Gathering Seeks Solutions for City's Poorer Residents
Wednesday, February 27, 2008
Tom Brown, chairman of the Ward 8 Workforce Development Council, has perfected an approach to attacking urban poverty: He takes employers on a job tour in Southeast Washington neighborhoods to personally meet with unemployed residents.
Since October, more than 100 residents have found jobs in the twice-monthly sessions at churches and community centers in the heart of the neighborhood. The goal is to employ 300 residents a year.
"The success of it is because of the intimacy of the setup," Brown said. "It's straight talk between unemployed residents and employers."
If the city is going to reduce the number of families living in poverty, then innovative methods, such as Brown's, must be used to address unemployment, substance abuse, affordable housing, health care and education, he and others gathered at the Matthews Memorial Baptist Church in Southeast said yesterday.
Brown was one of 200 business and religious leaders, housing advocates and social services providers who participated in the Poverty Reduction Coalition hosted by D.C. Council member Marion Barry (D-Ward 8).
Poverty is an entrenched problem, participants said, and efforts to address it have seen some successes but too many failures to count. Yesterday marked a redoubling of their efforts, they said. One participant after another took the microphone to report on ideas from the mini-round-table discussions they had had throughout the morning: putting $15 million in the 2009 budget for housing purchase assistance; helping impoverished residents prepare to testify on their own behalf at council hearings and school board meetings; and dealing more aggressively with drug treatment options.
Barry, who represents the poorest ward in the city, has taken an aggressive approach to emphasizing poverty, which, according to a study released last year by the D.C. Fiscal Policy Institute, is at its highest level in the District in nearly a decade. He has vowed to keep poverty at the forefront of the council's upcoming budget hearings. Last month, he held a two-day hearing on the issue at which single mothers described their experiences with homelessness and joblessness.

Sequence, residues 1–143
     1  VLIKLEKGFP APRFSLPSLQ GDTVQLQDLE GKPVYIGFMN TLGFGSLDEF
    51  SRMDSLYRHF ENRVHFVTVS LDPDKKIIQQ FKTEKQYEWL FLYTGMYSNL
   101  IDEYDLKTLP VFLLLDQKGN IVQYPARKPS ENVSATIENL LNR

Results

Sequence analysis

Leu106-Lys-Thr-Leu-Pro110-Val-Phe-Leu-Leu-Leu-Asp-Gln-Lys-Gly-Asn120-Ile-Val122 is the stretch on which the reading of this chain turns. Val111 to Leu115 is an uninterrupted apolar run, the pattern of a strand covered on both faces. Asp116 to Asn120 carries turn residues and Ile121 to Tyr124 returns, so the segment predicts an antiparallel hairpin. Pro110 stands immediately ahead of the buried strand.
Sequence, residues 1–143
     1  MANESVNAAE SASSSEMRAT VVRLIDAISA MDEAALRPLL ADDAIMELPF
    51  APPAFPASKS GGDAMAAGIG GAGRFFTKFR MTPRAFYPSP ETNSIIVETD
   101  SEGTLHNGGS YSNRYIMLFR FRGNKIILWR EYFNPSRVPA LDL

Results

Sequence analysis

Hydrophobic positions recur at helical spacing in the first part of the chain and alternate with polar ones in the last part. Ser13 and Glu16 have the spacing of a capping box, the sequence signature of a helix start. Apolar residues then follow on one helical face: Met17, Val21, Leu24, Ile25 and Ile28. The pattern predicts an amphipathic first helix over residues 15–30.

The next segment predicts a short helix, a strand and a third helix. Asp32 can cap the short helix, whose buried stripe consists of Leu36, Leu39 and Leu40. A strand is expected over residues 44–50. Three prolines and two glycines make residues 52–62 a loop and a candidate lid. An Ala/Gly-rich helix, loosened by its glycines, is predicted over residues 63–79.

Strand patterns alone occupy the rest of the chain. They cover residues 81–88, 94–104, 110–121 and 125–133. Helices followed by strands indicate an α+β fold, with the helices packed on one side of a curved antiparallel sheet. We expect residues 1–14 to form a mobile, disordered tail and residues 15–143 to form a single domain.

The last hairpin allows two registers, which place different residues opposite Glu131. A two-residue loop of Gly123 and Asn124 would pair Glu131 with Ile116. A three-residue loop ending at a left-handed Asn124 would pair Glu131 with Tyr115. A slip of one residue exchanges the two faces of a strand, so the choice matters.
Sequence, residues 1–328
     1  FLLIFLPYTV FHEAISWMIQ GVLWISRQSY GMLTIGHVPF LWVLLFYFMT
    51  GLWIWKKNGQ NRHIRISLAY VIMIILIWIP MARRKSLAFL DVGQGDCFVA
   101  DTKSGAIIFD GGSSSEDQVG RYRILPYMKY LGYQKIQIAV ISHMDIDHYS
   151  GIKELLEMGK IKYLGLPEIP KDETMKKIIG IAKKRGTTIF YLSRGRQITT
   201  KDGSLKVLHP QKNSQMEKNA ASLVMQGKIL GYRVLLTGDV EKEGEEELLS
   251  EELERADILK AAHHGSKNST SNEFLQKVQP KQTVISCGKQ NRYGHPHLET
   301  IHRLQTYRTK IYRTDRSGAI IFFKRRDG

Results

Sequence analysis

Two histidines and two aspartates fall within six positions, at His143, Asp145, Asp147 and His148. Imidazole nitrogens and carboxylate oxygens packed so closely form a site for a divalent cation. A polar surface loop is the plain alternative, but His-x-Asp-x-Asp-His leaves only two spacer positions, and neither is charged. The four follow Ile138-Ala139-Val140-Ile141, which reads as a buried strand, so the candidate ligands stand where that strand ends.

"We're not going to solve this in a day," Barry said. "We're not going to solve it in a year, but we've got to begin."
The city's statistics, he said, are daunting.
One in five District residents, or 110,000 people, live in poverty, an increase of 27,000 since 1999, the study noted.
Black residents are more than five times more likely to be unemployed than are white residents, the report found.
Barry said 170,000 District residents are considered functionally illiterate. And at Thurgood Marshall Academy, the charter school across the street from the church where the meeting was held, seven in 10 students come to the ninth grade reading on a fifth-grade level, he said.
"That's tragic," he said.
Barry and others called for a dramatic shift in the city's priorities. He criticized spending $25 million to rebuild the Georgetown Library, for example, while more than 40,000 families are on the D.C. Housing Authority waiting list for low-income housing.
Yulonda Queen, a Ward 7 resident for more than 30 years, said the city needs to invest more in literacy programs and vocational schools.
"As long as there are people . . . who do not see an avenue to grow, we're going to have social and employment issues that will affect our children's children," she said.
D.C. Council Chairman Vincent C. Gray (D), who was in attendance along with council member Yvette M. Alexander (D-Ward 7), said the meeting reinvigorated people.
"Poverty is arguably the most important issue we face in the District," Gray said. "We've lived with the problem so long, you can become callous. We need this catalyst."